Previous Lessons: 1, 2, 3, 4, 5
Wives, submit to your husbands, as is fitting in the Lord. 19 Husbands, love your wives, and do not be harsh with them. 20 Children, obey your parents in everything, for this pleases the Lord. 21 Fathers, do not provoke your children, lest they become discouraged. 22 Bondservants, obey in everything those who are your earthly masters, not by way of eye-service, as people-pleasers, but with sincerity of heart, fearing the Lord. 23 Whatever you do, work heartily, as for the Lord and not for men, 24 knowing that from the Lord you will receive the inheritance as your reward. You are serving the Lord Christ. 25 For the wrongdoer will be paid back for the wrong he has done, and there is no partiality.
4:1 Masters, treat your bondservants justly and fairly, knowing that you also have a Master in heaven.
2 Continue steadfastly in prayer, being watchful in it with thanksgiving. 3 At the same time, pray also for us, that God may open to us a door for the word, to declare the mystery of Christ, on account of which I am in prison— 4 that I may make it clear, which is how I ought to speak.
5 Walk in wisdom toward outsiders, making the best use of the time. 6 Let your speech always be gracious,seasoned with salt, so that you may know how you ought to answer each person.
The Holy Bible, English Standard Version Copyright © 2001 by Crossway Bibles, a publishing ministry of Good News Publishers.
Questions to Consider:
1. Refresh your memory on the main themes of Colossians so far, noticing how they build on one another:
- Chapters 1-2- Here’s a correct Christology (who Christ is, what He did, and why)
- Chapters 2-3- Now that you believe a correct Christology, you’ve died to the world and live to Christ.
Finish the theme of today’s passage:
- 3:18-4:6- Now that you’ve died to the world and live to Christ, here’s how to__________
2. Notice the structure of verses 3:18-4:1. Do you see a pairing, relationship-wise in verses 18-19, 20-21, 22 & 1? List the relationships (first word of each verse) in each of these pairs of verses. Whom does Paul address first in each of these pairings, the subordinate person or the person in authority? How might this emphasize the responsibility of the subordinate person to act in a godly way in the relationship?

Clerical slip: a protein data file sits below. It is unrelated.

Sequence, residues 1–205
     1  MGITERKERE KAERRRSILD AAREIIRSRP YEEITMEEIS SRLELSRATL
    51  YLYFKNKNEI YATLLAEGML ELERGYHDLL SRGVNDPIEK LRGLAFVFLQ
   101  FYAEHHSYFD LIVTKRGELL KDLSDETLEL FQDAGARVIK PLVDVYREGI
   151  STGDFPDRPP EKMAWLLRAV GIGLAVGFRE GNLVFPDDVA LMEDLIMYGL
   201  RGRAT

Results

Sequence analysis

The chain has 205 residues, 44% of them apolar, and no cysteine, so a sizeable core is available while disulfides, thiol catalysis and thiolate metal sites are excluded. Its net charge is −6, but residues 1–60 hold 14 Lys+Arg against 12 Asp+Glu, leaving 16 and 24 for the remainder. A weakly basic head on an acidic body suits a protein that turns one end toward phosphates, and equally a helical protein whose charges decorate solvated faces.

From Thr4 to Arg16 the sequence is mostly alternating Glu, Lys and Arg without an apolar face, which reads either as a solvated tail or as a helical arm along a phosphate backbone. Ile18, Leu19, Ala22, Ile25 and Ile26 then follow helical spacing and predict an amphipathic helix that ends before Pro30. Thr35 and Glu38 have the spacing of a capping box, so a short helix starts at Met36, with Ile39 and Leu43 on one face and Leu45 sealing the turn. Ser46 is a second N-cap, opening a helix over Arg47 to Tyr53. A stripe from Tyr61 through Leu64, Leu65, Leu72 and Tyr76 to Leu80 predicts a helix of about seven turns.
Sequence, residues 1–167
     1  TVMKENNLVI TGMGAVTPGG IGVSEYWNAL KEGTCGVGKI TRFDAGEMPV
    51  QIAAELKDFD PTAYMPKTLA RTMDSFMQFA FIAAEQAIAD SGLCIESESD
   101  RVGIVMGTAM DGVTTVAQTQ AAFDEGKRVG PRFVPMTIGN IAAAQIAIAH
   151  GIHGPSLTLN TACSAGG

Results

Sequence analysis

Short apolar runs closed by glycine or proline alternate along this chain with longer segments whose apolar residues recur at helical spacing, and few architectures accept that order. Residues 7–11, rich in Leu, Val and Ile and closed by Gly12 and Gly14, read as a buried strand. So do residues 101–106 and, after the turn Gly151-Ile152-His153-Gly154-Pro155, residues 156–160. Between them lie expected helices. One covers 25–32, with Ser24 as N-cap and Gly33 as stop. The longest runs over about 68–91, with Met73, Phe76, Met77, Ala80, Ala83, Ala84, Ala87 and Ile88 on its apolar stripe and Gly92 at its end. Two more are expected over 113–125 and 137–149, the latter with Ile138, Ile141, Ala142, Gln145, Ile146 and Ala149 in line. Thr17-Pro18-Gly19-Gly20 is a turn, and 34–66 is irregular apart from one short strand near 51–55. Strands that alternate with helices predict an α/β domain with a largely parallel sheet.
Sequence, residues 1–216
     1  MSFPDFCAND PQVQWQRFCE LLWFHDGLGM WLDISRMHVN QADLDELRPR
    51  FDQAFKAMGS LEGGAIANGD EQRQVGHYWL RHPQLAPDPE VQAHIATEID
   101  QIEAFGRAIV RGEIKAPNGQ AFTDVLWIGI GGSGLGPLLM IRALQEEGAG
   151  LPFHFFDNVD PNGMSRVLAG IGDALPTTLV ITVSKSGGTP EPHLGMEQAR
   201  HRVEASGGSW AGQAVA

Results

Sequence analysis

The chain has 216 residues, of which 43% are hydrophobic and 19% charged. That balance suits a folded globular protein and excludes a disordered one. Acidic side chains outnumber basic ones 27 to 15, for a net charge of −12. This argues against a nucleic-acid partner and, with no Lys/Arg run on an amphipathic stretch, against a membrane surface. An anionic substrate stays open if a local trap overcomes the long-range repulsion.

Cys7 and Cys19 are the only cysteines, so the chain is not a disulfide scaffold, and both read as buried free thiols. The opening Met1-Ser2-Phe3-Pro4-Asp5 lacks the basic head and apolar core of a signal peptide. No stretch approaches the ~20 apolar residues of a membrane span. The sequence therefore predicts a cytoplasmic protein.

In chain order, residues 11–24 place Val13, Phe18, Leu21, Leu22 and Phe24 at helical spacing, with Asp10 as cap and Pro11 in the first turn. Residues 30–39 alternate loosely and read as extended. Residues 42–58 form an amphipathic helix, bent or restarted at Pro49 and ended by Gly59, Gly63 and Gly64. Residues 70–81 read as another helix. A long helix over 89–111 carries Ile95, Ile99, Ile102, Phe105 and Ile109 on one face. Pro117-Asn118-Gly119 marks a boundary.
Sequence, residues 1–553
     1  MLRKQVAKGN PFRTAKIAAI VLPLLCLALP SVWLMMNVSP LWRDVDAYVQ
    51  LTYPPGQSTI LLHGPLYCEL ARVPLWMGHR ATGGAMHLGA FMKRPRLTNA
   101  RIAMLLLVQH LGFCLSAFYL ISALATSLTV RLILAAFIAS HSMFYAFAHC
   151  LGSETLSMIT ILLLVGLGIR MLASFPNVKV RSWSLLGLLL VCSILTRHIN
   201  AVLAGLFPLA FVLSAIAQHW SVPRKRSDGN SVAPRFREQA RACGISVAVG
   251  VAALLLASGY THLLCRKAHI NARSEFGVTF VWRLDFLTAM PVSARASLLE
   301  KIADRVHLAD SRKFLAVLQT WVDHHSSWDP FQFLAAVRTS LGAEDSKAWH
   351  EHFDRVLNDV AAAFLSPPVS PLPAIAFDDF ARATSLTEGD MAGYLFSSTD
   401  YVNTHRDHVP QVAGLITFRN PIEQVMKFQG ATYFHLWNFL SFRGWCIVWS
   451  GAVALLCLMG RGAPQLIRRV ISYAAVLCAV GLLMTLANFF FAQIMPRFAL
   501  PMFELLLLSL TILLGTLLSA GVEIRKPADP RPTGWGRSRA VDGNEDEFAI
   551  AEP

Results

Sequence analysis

3. Examine the instructions to the subordinates (wives, children, bondservants) in verses 18, 20, 22-24. How does Paul connect submission and obedience to earthly authority with the wife’s, child’s, and bondservant’s relationship to the Lord? Who are we truly serving and obeying when we submit to the authorities God has placed over us? What are the blessings of submission to authority? Examine the instructions to the authorities (husbands, fathers, masters) in verses 19, 21, 1. Does God reassure the authorities in the same way He reassured the subordinates? Is 4:1b (“knowing that you…”) a reassurance or a warning/example to follow? What does this say about the weight of responsibility those in authority have to act in a godly way? Compare this passage to Ephesians 6:1-9 to get a fuller picture of what God is saying here.
4. What does it mean to “continue steadfastly” and “be watchful” in prayer? (2) Paul again mentions “thanksgiving” in verse 2 (See question 5 in lesson 5, link above). Do you make thanksgiving a regular part of your daily prayer life? Why is thanksgiving such an integral part of the Christian’s life? What prayer request does Paul make to the Colossian church? (3-4) Think of all the other things Paul, in prison, could have asked them to pray for him. What does this tell us about his priorities? How could you pray verses 3-4 for yourself, loved ones, your pastor, missionaries, etc.?
5. Recalling that this is an epistle to the church, who are the “outsiders” Paul refers to in verse 5? How would you explain Paul’s instructions in verses 5-6 to another Christian? How do these instructions apply to the church? To individual Christians? Think of an “outsider” in your life who needs to hear the gospel. Give one specific way each that you could a) walk in wisdom toward this person, b) make the best use of your time with this person, c) use gracious, “salty” speech with this person, and d) answer this person.
This passage and the Ephesians 6 passage I linked to above are (among others) often used by critics of the Bible to support their accusation that God is in favor of slavery. Is this true? Do some further study on the Bible’s stance on slavery:
The Apostle Paul and Slavery
Doesn’t the Bible Support Slavery?
Does the Bible Condone Slavery?